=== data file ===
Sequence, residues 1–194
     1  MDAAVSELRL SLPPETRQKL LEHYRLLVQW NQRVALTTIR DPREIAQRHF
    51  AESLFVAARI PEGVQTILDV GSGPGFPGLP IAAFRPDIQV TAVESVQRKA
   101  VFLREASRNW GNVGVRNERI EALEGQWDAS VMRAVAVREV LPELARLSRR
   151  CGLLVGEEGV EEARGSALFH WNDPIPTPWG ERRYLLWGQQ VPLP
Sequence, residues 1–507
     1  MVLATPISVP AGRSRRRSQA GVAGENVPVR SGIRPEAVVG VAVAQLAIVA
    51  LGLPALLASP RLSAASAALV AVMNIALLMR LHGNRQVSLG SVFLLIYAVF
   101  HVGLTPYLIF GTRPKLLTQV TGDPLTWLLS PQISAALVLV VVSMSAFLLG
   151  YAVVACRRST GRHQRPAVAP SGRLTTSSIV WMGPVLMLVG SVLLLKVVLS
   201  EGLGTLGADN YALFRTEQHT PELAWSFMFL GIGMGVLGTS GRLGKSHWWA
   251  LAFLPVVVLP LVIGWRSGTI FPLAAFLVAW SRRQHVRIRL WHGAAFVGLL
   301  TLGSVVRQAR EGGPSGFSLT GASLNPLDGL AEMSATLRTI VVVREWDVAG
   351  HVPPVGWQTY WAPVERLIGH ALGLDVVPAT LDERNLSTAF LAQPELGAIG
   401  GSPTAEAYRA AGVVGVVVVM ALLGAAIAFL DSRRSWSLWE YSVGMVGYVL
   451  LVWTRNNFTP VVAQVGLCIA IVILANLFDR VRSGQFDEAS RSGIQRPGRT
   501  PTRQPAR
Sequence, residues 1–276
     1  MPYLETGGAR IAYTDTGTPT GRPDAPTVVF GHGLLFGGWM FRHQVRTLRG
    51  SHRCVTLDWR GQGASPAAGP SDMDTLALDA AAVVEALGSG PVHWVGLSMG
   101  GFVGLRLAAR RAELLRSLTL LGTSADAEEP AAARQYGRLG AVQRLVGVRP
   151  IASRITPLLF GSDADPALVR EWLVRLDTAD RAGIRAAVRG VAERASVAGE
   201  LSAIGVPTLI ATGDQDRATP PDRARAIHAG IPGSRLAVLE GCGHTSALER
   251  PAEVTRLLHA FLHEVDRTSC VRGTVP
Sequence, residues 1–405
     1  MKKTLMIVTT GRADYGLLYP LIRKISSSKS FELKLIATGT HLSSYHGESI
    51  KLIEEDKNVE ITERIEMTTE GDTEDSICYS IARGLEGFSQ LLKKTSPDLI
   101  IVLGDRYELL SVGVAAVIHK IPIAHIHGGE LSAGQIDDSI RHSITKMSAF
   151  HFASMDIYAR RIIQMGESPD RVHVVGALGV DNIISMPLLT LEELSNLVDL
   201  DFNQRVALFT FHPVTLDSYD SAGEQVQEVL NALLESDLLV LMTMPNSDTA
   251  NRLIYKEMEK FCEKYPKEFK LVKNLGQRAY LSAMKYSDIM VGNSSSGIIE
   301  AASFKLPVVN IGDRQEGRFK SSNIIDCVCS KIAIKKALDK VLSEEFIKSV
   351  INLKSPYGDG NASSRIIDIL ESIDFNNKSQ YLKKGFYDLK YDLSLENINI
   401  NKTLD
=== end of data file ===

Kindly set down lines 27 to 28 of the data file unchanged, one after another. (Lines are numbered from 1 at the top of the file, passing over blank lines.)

    51  KLIEEDKNVE ITERIEMTTE GDTEDSICYS IARGLEGFSQ LLKKTSPDLI
   101  IVLGDRYELL SVGVAAVIHK IPIAHIHGGE LSAGQIDDSI RHSITKMSAF